While many philosophers and writers have warned against the spontaneous and uncontrolled fits of anger, there has been disagreement over the intrinsic value of anger.
The issue of dealing with anger has been written about since the times of the earliest philosophers, but modern psychologists, in contrast to earlier writers, have also pointed out the possible harmful effects of suppressing anger.
Displays of anger can be used as a manipulation strategy for social influence.
8.50am, Hang on, help is on the way
Lt. Sam nosed the car into a “Reserved Parking” slot in front of the Area One police station, Captain John Silva, in full dress uniform, rushing over to the driver’s window, tapping vigorously, the window sliding down.
Silva defined burly and his aggressive speech delivery slotted him into the stereotypical image of a bullying cop. “Lieutenant, I hope you know what the f…,” the Captain’s head turning to the girls in the back seat, snapping back to Lt. Sam. “What you’re doing. You’re making us total fools in everyone’s eyes. You’d better be goddamned sure of yourself,” Captain John’s head in the driver’s window, inches away from Lt. Sam’s face.
Keeping his eyes fixed on the captain, Lt. Sam unlocked the car door, opened it slowly, slowly backing the captain so he could swing his legs to the ground and step out of the car to his feet. The Captain’s confrontation attracted the attention of the patrolmen waiting for Dee at the entry and three of them walked over to the car, watching and waiting quietly several feet away. The other doors opened to disgorge the passengers.
“Sorry, Captain. You seemed on board yesterday,” the two now nose to nose, the Captain’s middle-bulging six-two, two-twenty comparing poorly against the younger Lt. Sam’s fit six-four, two-forty. “When Sgt. Jesse and I drove five hours down to Truro and back to get her here.” Dee, her coat draped over her shoulders, skeletal but lovely and graceful, and Sgt. Jesse, plain, basic, stepped on either side of Lt. Sam, Doctor Mike and the girls arcing around Dee.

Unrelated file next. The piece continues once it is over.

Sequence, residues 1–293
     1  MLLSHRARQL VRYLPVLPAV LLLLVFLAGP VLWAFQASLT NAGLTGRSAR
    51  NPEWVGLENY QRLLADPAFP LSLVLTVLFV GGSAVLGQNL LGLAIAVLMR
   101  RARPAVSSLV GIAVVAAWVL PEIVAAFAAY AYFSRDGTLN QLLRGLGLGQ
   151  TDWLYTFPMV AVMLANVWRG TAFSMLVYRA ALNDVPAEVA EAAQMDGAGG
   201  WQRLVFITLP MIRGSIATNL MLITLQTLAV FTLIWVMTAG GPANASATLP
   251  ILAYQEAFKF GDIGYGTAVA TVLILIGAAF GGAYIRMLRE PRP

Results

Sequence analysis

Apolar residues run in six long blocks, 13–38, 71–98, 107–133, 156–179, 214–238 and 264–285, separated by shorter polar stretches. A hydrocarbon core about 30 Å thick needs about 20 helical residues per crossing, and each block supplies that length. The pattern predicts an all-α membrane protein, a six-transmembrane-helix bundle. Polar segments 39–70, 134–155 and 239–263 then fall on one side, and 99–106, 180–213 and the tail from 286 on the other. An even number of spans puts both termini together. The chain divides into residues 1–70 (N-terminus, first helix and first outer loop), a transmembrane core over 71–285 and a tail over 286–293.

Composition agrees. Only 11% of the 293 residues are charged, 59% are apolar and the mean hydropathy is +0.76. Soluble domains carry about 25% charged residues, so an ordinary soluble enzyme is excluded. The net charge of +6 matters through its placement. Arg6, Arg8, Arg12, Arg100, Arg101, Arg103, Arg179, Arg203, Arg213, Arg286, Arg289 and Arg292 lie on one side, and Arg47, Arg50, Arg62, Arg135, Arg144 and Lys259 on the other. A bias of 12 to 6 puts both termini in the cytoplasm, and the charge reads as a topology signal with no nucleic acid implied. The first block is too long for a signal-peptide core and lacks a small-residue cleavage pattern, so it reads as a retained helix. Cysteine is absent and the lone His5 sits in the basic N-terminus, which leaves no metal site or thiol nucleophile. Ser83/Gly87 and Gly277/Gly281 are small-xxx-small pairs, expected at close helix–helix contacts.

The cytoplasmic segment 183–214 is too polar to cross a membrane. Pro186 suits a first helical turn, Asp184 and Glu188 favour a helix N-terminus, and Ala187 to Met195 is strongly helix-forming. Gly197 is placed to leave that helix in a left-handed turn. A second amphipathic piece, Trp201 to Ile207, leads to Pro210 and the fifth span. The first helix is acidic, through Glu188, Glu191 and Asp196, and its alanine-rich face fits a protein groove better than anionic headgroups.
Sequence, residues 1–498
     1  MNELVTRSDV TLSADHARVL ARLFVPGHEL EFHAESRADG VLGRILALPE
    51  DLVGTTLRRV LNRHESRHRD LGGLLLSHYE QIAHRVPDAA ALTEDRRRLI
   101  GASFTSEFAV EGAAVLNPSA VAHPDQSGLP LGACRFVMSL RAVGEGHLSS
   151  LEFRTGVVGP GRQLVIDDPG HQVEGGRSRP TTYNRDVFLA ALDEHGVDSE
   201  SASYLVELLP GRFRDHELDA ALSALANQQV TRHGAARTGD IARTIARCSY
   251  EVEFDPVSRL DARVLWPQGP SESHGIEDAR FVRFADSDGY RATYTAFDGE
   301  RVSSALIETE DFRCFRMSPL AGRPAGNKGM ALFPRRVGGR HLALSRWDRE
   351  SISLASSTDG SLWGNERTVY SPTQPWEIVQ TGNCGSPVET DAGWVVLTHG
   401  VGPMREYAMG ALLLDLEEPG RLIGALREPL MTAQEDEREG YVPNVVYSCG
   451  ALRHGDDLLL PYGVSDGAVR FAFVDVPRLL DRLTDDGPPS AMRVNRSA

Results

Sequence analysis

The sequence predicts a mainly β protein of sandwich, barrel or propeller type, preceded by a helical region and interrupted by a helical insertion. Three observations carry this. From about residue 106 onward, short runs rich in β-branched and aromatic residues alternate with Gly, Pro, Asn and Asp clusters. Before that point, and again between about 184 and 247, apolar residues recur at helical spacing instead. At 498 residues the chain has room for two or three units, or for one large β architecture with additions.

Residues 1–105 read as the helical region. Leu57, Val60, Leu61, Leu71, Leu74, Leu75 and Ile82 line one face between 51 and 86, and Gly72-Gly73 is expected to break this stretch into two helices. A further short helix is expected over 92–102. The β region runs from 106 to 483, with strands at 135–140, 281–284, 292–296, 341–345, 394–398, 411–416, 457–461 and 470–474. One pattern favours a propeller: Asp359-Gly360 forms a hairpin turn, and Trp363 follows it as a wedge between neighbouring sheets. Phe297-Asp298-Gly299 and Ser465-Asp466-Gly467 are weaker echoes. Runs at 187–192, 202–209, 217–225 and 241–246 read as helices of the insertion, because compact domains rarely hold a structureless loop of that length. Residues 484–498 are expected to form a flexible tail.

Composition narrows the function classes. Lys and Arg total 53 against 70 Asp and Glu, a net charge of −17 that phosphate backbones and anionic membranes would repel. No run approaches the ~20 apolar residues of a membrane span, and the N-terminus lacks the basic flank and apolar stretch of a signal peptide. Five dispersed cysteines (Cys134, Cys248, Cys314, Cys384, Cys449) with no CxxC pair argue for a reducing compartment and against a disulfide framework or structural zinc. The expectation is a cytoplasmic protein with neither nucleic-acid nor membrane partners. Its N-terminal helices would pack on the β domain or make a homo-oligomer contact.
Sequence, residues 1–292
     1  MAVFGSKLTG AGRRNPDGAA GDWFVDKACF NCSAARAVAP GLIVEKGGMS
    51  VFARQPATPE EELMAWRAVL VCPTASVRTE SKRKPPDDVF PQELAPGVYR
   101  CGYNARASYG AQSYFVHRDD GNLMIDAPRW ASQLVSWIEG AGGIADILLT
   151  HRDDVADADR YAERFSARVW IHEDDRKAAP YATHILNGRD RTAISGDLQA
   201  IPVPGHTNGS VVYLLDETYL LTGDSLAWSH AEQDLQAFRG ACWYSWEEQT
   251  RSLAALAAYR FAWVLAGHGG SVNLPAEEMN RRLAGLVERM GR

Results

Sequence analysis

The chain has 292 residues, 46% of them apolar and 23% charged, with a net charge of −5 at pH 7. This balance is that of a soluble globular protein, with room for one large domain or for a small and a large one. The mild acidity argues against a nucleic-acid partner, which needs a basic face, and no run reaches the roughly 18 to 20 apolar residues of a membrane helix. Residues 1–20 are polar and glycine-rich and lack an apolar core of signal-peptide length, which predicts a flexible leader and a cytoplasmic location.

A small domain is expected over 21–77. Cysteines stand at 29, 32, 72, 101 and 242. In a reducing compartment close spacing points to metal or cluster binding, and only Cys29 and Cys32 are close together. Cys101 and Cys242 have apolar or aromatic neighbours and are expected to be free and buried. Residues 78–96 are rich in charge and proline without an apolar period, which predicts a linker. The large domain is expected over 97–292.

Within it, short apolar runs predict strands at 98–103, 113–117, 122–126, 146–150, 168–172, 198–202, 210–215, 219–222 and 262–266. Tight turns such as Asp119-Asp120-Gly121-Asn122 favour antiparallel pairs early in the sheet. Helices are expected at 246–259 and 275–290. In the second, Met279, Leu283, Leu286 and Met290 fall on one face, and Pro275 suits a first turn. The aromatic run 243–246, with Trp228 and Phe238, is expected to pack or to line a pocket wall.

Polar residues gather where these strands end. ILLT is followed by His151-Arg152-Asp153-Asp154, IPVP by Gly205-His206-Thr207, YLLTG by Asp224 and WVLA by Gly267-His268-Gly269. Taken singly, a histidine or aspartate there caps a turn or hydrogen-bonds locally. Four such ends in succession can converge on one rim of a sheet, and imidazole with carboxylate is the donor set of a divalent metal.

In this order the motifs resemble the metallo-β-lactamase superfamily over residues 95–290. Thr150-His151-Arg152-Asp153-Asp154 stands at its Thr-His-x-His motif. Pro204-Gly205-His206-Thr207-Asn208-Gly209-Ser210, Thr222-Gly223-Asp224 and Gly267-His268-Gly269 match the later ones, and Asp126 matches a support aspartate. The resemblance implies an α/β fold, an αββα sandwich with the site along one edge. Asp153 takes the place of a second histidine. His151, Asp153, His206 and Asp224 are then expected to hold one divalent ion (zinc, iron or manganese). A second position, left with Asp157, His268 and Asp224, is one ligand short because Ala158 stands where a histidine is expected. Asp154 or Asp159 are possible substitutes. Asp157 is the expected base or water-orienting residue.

“Yeah! Before someone leaked it to the press. Was it you?”
“Me? Of course not. We agreed. Just now, though, I did spot that guy you know from the Globe who does that occasional piece he calls ‘Inside the City.’ Someone else must be using him for leaks besides you.”
“Whatever. And before I realized everyone on God’s friggin’ earth would come in on a Saturday morning with almost no notice to see the show. Do you know who’s waiting upstairs? Do you have any idea who’s waiting upstairs for you?”
Four curious reporters broke from the dozen loosely clustered at the blocked entrance and followed the footsteps of the patrolmen now waiting near Dee’s group. But half a dozen patrolmen called out, blocked their way, and returned the newsmen to milling about the station steps. The Captain energetically continued his rant.
“The entire city is upstairs, starting with the mayor’s office with three separate missions: A, to put this guy away; B, to protect the city from a lawsuit; and three, to spin it to the newspapers. An assistant DA with a psychiatrist is huddling with two people from Internal Affairs; and a representative from the Police Superior Officers union, upset over the attack on one of theirs, that would be me,” Captain John pointing to his bruised eye, at one time fully saturated, now fading from its original deep black.